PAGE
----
Sony - Alpha a6000 Mirrorless Camera with 16-50mm Retractable Lens - Black
- Model: ILCE6000L/B
- SKU: 4660008
- 76 Questions, 191 Answers
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- Sony - Alpha a6000 Mirrorless Camera with 16-50mm Retractable Lens - Black
- 16-50mm Power Zoom lens
- Alpha a6000 Mirrorless Camera
- Micro USB cable
- Neck strap
- Owner's manual
- Rechargeable lithium-ion battery
Ratings & Reviews
$20 TO SPEND OR 8x8 PHOTO BOOK - Shutterfly [Digital Download Add-On]
Start capturing sharp, detailed photos and videos right away. Features ED and aspherical elements.
Capture high-resolution images up to 6000 x 4000 pixels.
Enjoy crisp, clean images over a broad spectrum of lighting conditions.
From joyous facial expressions to fast-paced sports action, burst mode ensures you get the shot even if it only lasts a fraction of a second.
Look at stored footage before you print or share.
Movie mode lets you record 1080/24/60p video footage.
Quickly capture high-quality images.
Easily keep subjects within frame.
Also features 25-point contrast-detection autofocus.
Connect your wireless devices and use your compatible cell phone to control the camera's functions.
Help prevent camera shake and vibration.
A hot shoe allows you to attach an external flash (sold separately).
Supports SD, SDHC, SDXC and MS PRO Duo formats. Memory cards not included.
Find compatible memory cards in our Memory Card Finder.
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Most Helpful ReviewsSee all reviews
Excellent Camera!July 10, 2014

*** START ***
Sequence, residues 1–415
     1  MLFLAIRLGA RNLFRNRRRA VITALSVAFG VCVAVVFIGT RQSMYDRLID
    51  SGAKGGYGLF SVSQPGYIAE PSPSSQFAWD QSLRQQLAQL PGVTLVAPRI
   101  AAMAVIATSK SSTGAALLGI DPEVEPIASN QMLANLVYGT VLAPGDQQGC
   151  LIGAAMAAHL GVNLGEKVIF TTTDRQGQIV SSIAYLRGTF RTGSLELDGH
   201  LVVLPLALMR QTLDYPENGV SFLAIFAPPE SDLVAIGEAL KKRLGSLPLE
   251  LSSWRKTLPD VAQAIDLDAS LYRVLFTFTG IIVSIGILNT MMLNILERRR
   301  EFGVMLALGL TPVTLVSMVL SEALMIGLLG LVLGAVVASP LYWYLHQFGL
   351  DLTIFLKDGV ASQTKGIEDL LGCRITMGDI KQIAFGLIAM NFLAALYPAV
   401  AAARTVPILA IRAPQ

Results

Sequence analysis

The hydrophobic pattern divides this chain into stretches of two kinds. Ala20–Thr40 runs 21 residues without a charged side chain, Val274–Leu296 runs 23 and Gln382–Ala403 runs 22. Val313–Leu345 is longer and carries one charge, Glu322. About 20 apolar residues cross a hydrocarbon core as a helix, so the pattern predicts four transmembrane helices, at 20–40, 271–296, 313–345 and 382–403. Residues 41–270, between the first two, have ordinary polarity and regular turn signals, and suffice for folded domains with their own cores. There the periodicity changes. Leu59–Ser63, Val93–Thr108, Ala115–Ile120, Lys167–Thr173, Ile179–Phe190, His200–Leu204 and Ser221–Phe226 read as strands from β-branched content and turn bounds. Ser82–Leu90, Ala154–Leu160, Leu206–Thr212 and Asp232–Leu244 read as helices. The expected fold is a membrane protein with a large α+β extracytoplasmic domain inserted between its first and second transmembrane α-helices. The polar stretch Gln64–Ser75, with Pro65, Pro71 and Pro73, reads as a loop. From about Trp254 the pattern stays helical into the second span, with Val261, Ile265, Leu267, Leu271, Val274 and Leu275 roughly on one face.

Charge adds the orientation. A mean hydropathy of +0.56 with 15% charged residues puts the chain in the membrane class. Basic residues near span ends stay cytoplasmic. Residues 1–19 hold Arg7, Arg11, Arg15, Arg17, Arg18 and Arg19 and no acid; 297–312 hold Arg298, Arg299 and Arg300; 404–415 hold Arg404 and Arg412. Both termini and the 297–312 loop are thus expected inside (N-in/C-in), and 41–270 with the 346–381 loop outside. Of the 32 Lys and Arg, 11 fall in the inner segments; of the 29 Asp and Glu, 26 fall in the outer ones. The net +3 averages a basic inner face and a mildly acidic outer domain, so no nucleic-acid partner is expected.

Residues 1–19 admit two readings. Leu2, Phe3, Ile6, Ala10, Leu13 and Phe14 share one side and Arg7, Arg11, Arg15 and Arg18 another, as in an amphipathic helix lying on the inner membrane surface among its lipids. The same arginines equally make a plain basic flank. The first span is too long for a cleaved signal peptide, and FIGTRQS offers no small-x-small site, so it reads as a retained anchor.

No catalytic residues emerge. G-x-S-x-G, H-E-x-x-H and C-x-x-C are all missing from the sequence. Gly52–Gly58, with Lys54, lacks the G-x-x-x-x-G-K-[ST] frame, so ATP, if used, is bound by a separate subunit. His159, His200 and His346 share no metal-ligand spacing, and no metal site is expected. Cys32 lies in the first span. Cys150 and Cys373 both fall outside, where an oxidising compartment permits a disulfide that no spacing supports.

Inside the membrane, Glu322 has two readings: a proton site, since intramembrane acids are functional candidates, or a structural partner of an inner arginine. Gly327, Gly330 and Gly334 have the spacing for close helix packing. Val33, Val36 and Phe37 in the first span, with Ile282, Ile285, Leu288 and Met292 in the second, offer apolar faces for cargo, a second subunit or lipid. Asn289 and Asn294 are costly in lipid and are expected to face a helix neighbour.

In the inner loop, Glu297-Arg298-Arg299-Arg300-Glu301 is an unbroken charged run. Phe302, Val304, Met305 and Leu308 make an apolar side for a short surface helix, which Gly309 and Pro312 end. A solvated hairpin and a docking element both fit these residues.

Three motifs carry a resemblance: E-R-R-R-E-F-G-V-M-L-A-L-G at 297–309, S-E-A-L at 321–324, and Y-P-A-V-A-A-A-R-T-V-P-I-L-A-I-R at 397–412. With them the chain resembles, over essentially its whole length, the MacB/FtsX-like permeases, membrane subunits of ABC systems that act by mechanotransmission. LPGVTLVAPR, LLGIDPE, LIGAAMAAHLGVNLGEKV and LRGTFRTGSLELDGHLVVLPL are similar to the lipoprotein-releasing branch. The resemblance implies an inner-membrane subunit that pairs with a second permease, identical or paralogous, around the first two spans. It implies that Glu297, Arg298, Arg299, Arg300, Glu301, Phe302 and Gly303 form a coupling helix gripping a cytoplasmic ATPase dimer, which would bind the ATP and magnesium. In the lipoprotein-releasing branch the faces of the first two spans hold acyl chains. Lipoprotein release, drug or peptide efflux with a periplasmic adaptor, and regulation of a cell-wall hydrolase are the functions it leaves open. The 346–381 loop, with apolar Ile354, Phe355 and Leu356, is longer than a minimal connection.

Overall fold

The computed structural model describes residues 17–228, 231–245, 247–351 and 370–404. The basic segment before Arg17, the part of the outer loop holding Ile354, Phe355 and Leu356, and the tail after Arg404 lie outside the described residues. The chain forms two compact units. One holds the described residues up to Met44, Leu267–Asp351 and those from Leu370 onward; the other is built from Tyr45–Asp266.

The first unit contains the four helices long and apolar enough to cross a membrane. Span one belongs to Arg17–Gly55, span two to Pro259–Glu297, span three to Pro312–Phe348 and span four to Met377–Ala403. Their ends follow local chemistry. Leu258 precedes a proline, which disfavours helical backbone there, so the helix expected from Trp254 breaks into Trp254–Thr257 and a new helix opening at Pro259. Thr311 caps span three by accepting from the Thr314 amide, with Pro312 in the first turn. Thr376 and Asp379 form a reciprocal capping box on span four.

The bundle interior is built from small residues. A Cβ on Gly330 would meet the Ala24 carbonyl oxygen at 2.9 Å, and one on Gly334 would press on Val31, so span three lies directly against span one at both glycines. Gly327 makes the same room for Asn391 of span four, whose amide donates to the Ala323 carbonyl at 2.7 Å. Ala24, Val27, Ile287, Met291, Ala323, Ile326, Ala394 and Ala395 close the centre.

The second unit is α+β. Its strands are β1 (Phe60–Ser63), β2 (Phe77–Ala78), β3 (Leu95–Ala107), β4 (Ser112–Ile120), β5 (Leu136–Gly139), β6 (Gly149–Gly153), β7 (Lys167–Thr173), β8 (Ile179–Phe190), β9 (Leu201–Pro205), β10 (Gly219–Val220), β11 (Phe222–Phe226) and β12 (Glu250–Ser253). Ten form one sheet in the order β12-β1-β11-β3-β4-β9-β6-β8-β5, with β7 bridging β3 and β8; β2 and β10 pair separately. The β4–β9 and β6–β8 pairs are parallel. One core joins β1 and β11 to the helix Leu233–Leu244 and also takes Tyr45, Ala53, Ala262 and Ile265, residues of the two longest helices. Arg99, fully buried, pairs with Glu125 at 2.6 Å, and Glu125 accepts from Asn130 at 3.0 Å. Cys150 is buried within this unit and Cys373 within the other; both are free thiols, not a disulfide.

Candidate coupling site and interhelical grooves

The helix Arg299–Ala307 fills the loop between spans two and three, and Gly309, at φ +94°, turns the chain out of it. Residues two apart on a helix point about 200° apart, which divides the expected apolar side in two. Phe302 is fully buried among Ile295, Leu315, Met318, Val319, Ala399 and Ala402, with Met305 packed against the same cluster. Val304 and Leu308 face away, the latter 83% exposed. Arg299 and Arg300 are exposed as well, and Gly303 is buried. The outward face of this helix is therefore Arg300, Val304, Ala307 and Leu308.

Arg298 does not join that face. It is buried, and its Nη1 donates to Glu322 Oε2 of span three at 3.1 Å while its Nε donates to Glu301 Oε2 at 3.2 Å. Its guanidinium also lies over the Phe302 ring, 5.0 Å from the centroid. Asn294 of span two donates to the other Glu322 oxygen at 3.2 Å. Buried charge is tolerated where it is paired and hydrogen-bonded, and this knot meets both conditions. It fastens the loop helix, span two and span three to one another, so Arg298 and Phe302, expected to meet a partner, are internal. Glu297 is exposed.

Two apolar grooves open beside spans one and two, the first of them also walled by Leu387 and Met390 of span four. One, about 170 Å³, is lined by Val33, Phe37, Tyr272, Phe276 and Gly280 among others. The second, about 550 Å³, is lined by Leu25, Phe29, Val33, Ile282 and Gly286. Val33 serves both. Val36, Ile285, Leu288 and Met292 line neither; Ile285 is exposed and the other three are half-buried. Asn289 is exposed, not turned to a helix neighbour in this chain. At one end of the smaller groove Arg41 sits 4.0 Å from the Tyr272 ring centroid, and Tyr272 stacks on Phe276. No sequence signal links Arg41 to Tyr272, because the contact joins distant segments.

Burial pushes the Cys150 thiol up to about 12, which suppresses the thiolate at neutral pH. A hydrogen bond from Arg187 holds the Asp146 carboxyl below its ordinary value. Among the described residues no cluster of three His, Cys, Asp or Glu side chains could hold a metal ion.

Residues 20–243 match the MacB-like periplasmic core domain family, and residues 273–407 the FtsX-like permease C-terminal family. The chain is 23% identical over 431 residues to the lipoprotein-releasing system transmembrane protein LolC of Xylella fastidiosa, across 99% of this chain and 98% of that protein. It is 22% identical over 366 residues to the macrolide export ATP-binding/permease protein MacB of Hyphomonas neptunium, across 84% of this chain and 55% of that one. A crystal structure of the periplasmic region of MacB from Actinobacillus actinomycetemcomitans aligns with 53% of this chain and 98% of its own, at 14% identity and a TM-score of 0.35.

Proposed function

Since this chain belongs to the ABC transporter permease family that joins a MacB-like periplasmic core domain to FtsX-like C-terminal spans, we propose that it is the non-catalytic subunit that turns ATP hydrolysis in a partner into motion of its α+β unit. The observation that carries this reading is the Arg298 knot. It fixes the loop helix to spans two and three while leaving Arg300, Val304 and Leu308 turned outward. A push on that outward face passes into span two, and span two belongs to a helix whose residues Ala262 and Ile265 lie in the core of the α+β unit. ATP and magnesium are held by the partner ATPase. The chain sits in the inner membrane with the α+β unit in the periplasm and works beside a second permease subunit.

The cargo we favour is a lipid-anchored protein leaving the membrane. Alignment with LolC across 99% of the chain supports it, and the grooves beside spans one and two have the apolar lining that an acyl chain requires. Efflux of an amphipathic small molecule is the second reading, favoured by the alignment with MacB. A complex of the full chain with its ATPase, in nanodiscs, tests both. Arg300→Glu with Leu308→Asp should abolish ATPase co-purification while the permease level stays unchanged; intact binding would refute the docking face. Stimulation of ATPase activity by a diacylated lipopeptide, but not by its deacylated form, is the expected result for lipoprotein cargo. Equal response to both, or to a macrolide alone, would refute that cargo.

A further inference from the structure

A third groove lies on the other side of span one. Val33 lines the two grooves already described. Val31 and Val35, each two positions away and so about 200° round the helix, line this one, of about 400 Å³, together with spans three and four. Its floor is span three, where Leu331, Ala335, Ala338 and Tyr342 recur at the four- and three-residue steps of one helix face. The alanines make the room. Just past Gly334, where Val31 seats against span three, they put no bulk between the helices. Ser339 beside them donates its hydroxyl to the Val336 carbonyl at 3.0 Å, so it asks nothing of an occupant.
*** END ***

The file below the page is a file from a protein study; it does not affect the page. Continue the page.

I almost bought the A7 when this camera came out and decided to purchase it instead - has been a great decision (also saved a substantial sum of money.) I've loved photography for nearly 50 years and the advances that have been made are truly astounding. This camera will do far more than most people really need, and takes pictures that are far superior to even the best fixed lens camera (the exception being the RX1 perhaps.) What you get for the price is amazing. For the average advanced amateur/semi-pro like myself, the A6000 will do everything you need and far more, and you'll want to take it everywhere. You can pull it out when you first get it and start shooting immediately (provided you purchase it with a lens - I bought the 16-50 and 55-200,) and the photos are great, even when enlarged far beyond the old 8"x10" size. If you have any legacy glass (which I have a lot of,) simply buy an adapter and start shooting. It is exciting to finally find a camera that has so fully engaged my love for photography again. I continue to learn and use features that are really helpful in my quest to make better photographs. If you want to take some great photos, and have a load of fun doing it, I seriously doubt you would ever regret this purchase. Oh, and the video.... simply amazing!